We report a surgical technique for habitual temporomandibular joint dislocation. Cortical bone was shaved at the anterior slope of the tubercle, and a piece of an autogenous bone block wasgrafted to augment the tubercle. The grafted bone was fixed with a titanium plate and screws. This method preservedthe original posterior slope of the tubercle, permitting smooth condylar movement. We used this technique in two patients and followed them for 15 and 5 years, respectively. Postoperative examinationsshowed no resorption of the grafted bone and no recurrence of dislocation in either patient.
Aplastic anemia is a blood disease characterized by pancytopenia due to a decrease in hematopoieticstem cells. We describe a patient who presented with submucosal hematoma of the tongue and was given a diagnosisof aplastic anemia. The patient was a 24-year-old man who visited our department because of a hematoma ofthe tongue. Two days before presentation, a dark reddish tumor with a diameter of 1-2mm was noticed at the leftmargin of the tongue. At presentation, a 20×11mm dark reddish elevation was seen at the left lateral margin ofthe tongue. On the basis of the above course and findings, a hematoma was diagnosed, and blood tests were conducted.A blood disease was suspected. The white blood cell count was 500/μl, the red blood cell count was320×104/μl, the Hb was 11.2g/dl, the Ht was 31.1%, the MCV was 96.9 fl, the MCH was 35.0 pg, the MCHCwas 36.1%, and the platelet count was 0.3×104/μl, indicating pancytopenia. A submucosal hematoma of thetongue accompanied by pancytopenia was diagnosed, and detailed examinations were performed at the hematologydepartment. A bone marrow puncture test showed that the bone marrow cell count was 4, 000/μl and themegakaryocyte count was 0/μl; aplastic anemia was thus diagnosed, and the patient received immunosuppressivetherapy. Even when the onset is gradual, aplastic anemia can be lethal if detection is late and appropriate therapyis not administered. Therefore, if the regional cause of an oral hematoma is not clear, close follow-up is necessary.If systemic factors are suspected, blood tests should be promptly performed.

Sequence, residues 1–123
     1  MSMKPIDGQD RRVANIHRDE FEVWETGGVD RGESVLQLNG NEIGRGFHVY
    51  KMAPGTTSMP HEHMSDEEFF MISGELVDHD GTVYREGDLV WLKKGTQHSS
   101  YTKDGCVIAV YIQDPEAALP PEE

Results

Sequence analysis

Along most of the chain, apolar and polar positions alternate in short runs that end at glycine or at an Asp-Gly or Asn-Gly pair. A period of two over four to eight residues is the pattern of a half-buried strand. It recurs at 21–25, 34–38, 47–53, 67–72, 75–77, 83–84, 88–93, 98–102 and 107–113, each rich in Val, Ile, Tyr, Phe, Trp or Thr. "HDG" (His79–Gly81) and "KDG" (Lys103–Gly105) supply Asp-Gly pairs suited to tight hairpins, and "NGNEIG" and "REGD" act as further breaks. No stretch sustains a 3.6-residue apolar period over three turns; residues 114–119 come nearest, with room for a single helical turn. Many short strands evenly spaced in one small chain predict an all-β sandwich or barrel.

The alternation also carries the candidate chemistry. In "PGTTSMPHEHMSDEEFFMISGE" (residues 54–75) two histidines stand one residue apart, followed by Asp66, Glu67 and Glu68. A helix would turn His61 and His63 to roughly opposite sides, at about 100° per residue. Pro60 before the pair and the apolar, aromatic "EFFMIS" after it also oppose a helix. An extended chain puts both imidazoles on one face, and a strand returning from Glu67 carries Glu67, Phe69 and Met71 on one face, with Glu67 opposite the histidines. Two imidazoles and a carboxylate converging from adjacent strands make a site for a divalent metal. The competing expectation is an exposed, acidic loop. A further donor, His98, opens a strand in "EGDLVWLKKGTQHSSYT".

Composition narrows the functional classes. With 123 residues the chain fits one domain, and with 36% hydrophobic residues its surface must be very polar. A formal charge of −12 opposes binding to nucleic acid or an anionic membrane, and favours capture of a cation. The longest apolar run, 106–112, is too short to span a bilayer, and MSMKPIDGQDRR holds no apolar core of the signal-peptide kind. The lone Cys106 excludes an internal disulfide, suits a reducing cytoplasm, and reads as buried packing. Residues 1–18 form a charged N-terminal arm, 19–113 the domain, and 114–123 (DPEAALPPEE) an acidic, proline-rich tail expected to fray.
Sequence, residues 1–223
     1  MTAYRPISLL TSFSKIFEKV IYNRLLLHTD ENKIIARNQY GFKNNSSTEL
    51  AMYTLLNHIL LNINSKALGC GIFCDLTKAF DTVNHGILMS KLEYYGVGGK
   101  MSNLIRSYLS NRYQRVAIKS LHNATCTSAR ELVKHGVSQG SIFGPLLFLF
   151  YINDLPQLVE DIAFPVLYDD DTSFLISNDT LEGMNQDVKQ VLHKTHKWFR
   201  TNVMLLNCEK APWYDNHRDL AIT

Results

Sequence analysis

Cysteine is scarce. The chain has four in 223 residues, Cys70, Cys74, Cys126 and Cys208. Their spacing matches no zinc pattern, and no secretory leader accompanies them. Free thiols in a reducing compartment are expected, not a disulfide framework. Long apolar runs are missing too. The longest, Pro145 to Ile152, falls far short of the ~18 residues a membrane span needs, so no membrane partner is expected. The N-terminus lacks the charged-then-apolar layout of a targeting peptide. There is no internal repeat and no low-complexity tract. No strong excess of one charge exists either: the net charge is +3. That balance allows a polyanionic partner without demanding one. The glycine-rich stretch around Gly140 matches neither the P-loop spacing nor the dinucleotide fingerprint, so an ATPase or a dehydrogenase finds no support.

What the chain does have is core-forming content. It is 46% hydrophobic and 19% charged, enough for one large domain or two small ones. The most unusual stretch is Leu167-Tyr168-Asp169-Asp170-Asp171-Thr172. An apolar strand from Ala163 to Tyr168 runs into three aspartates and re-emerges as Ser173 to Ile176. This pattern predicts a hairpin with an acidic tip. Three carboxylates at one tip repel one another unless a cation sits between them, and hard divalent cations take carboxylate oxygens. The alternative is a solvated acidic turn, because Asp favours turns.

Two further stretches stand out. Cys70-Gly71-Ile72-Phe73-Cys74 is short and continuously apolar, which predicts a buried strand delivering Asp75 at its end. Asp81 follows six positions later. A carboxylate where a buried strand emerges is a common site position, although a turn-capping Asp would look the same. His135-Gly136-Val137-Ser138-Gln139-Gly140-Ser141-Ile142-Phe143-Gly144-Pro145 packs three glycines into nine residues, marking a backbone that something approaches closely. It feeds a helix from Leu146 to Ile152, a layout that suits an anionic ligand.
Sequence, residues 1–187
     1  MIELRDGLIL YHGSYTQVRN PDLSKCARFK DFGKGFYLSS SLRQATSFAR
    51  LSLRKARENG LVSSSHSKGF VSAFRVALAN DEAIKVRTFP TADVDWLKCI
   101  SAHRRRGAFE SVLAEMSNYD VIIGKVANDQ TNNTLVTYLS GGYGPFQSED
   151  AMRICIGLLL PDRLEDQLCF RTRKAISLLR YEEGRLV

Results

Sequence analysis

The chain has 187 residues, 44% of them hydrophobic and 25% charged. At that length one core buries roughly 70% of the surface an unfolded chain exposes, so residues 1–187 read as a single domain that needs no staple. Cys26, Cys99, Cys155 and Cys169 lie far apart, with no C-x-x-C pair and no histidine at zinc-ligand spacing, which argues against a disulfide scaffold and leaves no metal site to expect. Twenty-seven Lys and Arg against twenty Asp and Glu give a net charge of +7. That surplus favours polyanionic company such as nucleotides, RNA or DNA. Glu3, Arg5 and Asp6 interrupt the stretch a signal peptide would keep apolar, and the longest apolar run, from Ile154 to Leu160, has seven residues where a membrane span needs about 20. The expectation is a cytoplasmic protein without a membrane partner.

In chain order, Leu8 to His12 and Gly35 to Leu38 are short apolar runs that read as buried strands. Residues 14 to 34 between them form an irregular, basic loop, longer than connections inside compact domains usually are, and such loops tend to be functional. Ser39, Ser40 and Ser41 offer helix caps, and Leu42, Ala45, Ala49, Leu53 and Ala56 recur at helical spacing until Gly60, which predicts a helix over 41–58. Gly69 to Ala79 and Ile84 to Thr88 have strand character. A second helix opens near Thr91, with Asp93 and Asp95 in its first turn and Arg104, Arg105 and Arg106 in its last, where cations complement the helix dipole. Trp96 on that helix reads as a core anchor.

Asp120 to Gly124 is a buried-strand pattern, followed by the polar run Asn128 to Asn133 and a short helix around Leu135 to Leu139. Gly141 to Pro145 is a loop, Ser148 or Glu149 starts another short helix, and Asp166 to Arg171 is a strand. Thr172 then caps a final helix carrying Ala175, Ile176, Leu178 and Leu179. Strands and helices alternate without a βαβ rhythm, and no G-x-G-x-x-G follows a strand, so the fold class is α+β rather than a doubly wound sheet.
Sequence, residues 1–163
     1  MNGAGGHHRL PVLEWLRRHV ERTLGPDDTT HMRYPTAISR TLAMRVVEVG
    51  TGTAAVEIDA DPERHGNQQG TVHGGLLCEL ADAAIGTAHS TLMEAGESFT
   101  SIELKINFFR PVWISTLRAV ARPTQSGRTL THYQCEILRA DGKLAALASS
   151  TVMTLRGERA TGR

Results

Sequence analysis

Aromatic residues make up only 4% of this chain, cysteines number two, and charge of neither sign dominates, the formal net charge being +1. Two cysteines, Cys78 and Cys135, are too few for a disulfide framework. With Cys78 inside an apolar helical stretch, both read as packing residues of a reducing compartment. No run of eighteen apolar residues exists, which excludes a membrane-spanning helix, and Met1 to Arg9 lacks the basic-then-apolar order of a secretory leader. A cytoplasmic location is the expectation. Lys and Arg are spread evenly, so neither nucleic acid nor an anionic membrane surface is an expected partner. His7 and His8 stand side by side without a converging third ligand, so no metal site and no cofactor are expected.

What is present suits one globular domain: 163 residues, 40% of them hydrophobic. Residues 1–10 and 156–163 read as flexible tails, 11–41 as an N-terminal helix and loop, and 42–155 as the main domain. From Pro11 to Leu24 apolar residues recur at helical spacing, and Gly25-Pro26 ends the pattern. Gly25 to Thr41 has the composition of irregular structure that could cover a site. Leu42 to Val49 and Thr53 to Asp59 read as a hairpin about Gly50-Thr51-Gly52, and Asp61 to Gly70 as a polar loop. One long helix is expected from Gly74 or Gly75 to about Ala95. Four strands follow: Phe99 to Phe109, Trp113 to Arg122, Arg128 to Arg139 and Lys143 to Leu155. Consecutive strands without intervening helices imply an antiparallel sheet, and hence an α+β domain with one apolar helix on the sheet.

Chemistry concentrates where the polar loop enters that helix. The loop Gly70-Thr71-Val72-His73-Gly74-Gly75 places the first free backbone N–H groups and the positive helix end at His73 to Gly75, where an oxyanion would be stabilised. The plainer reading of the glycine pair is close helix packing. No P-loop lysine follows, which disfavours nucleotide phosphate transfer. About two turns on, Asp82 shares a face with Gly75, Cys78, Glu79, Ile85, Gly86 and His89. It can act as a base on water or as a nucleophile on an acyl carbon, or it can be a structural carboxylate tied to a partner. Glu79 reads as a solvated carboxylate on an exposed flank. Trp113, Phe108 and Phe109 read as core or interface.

Foreign bodies entering the maxillary sinus have often been reported. However, it is very rare that theyare naturally dislodged from the maxillary sinus. We report a case of a foreign body entering the maxillary sinus on extraction of an upper wisdom tooth. On theday after entrance of the foreign body, we attempted to remove it surgically, but could not locate the object in themaxillary sinus. On x-ray film, the foreign body was found in the stomach. The foreign body was apparently dislodgedfrom the maxillary hiatus and swallowed. In cooperation with a surgeon and internist, the foreign body wasremoved endoscopically and identified to be a dental cutting bar.